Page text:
Monday, October 13, 2014

The Functions of Sex

Every so often, as I cover every subject I can think of in the belief that everything is connected--and everything is related to social change and community--I occasionally come to the subject of sex.  I've mentioned several times that I am pansexual (I used to use the term bisexual--but that implies that there are either only two sexes or that I'm only interested in two of them) and polyamorous.  These days I sometimes think of myself as panamorous--I'm learning to love everybody and everything.

I'm very aware that sex is only one way (out of perhaps zillions) of loving another person, but it's a very important one and one that's quite lovely to me and many other folks.  I'm also very aware that this isn't a useful way of loving for some people and actual talking about it upsets some folks, so I don't talk about it much.

I am also not surprised, and can understand it, when certain religious people claim that the only function of sex is for procreation.  I am much more surprised, and rather dismayed, when I hear that claim from more science-oriented folks.

In my last post (The Body's Wisdom), I reviewed Sherwin Nuland's book The Wisdom of the Body.  I really liked it, as I said in the review, and want to point out that he covers many of the body's systems in some detail: the circulatory system, lymphatic system, the nervous system, the hormonal system, the alimentary (gastrointestinal) system, and the reproductive system.  And I learned from and enjoyed almost everything he wrote, except when he was writing about the reproductive system.

Here is a condensed (and, I think, representative) sample of what he wrote:

"Our reproductive organs... contribute nothing to our survival.  ... they contribute everything to our ability to reproduce ourselves.
"...The entire female reproductive system exists to serve the needs of the ovary.  The whole complex of uterus, tubes, vagina, and external genitals has as its sole function to ensure that the ovary's primary product, the ovum, is properly cared for. ...
"The ovum's blind quest... is one of the most powerful primordial forces in the creation of what we call human nature. ... We know that the urge to reproduce is a prime mover in all other animals--why not ourselves?  Were it otherwise, our species would die out.
"... We seek a course toward  reproducing our own kind through the maze and morass of contradictory drives... The complex and uncertain journey is not made one iota easier by ... being directed toward what is ultimately, under its many-layered raiment of sexuality, the simple need that an ovum be fertilized."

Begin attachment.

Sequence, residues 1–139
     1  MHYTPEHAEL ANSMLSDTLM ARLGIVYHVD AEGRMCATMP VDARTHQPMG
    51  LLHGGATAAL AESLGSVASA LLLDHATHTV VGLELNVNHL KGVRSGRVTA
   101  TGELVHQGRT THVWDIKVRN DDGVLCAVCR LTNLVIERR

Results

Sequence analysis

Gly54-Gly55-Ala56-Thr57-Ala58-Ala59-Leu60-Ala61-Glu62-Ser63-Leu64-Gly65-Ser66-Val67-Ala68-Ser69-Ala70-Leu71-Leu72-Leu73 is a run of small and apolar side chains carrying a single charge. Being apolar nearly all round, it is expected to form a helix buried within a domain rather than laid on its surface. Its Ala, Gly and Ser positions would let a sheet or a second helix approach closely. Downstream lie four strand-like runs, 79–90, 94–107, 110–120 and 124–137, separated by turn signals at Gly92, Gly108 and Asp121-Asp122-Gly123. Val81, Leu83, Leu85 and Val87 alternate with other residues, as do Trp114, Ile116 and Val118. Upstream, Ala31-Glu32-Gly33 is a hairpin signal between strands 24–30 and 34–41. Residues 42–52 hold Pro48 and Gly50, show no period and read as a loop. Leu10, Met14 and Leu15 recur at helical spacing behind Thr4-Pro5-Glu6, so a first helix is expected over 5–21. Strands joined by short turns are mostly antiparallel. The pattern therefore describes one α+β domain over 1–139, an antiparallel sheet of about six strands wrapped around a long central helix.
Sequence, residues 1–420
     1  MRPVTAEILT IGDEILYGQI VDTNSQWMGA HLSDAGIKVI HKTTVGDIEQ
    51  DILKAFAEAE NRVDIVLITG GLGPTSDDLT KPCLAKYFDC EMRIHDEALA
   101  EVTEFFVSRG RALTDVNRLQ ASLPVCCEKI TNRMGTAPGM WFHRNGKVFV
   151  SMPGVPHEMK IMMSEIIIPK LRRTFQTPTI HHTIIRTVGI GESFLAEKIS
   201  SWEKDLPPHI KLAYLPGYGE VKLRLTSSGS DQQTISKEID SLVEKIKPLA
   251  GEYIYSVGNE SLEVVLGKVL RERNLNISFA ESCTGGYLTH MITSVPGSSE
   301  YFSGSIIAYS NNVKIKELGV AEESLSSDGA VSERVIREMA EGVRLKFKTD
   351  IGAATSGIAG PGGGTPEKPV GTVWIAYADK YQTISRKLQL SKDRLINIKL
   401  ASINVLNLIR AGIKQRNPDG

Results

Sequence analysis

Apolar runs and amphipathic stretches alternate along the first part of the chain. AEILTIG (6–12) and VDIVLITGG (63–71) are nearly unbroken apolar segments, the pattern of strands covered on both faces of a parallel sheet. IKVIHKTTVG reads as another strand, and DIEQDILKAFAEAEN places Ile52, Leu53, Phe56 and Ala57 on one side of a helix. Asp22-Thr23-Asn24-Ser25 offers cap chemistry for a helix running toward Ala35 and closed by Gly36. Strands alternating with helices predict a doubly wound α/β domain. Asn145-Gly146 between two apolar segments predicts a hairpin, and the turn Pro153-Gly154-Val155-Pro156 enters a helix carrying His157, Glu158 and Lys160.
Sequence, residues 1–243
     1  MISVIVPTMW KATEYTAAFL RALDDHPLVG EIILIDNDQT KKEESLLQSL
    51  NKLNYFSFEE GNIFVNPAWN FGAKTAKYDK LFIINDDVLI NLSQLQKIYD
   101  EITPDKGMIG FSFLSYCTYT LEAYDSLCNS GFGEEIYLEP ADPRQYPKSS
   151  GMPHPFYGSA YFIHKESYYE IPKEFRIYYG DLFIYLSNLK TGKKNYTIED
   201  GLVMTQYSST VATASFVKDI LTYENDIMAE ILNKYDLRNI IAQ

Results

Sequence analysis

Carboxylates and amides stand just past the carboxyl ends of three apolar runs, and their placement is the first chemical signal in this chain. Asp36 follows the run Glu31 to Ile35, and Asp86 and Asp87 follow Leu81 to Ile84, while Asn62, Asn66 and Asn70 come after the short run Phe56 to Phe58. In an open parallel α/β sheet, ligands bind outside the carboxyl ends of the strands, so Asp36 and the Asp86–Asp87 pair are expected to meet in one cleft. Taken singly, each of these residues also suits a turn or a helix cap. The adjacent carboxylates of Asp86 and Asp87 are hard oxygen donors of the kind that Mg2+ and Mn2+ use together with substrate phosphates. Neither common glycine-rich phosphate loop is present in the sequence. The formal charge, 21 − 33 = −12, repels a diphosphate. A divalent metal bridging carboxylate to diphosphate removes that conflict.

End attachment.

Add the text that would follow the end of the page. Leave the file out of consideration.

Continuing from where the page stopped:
There is no question that one of the main functions of sexuality is reproduction.  For many creatures, from earthworms to aardvarks, that may be the sole function.  (Although I strongly suspect that earthworms, not to mention aardvarks, enjoy the process.)  I don't believe that's true when we are talking about primates.  Sex has a whole bunch of functions for human beings and even for our closest relatives, the chimpanzees and the bonobos.  (For a bit more on this see my post Bonobos and Chimpanzees, 7/30/08.)   As primatologist Frans de Waal once pointed out, "Chimps use violence to get sex, while bonobos use sex to avoid violence." No one who studied bonobos would believe that their only use of sex was for reproduction.

I want to look at three of what I think are the main functions of sex for human beings.  (I suspect that there are others, but this is what I want to focus on.)

And, yes, the first is reproduction.  If we didn't have sex and reproduce, we would, as Sherwin Nuland pointed out, die out.  The Shakers are an interesting example of that.  On the other hand, what Dr Nuland and many other advocates of sex as reproduction fail to observe is that we are now in a situation of population overshoot. We don't need to always reproduce--in fact, increasing reproduction may also cause the human race to die off.  (For more on controlling population see my very early post Five Simple Things You Can Do to Reduce Population, 8/21/08.)

This also fails to observe how important sex is for same sex couples and even heterosexual couples that don't want children--or couples who have had children and don't want more or are beyond the age of child bearing.  (Not to mention for people who engage in non-couple sex like masturbation, threesomes, etc.)  This is one of the main reasons heterosexual people practice birth control--they want to have sex without reproducing.  And I've never heard even religious groups say that couples beyond their reproductive years have to stop having sex.  Sex must have a purpose beyond reproduction.

Here's one.  Pleasure.  Sex is pleasurable and there's nothing wrong with that.  In fact, I think that one of the nicest functions of sex is to give another person pleasure.  Yes, we ourselves get pleasure from sex, but what a gift it is to give pleasure to another person--hopefully making them very happy.  I think this is a wonderful function of sex.

And here's another.  Connection.  Sex is one way (but hardly the only way) to help people feel closer.  It literally can be a way to connect very closely with another human.

There are many, many people using sex for pleasure and connection, as a way of being loving with another person (or with themselves) who have no interest in using it to have children.  While reproduction is important (and problematic as well) it is hardly the only function of sex.

Quote of the Day:  "Sex is for pleasure, a complete and worthwhile goal in and of itself. People have sex because it feels very good, and then they feel good about themselves." -  Dossie Easton and Catherine Liszt

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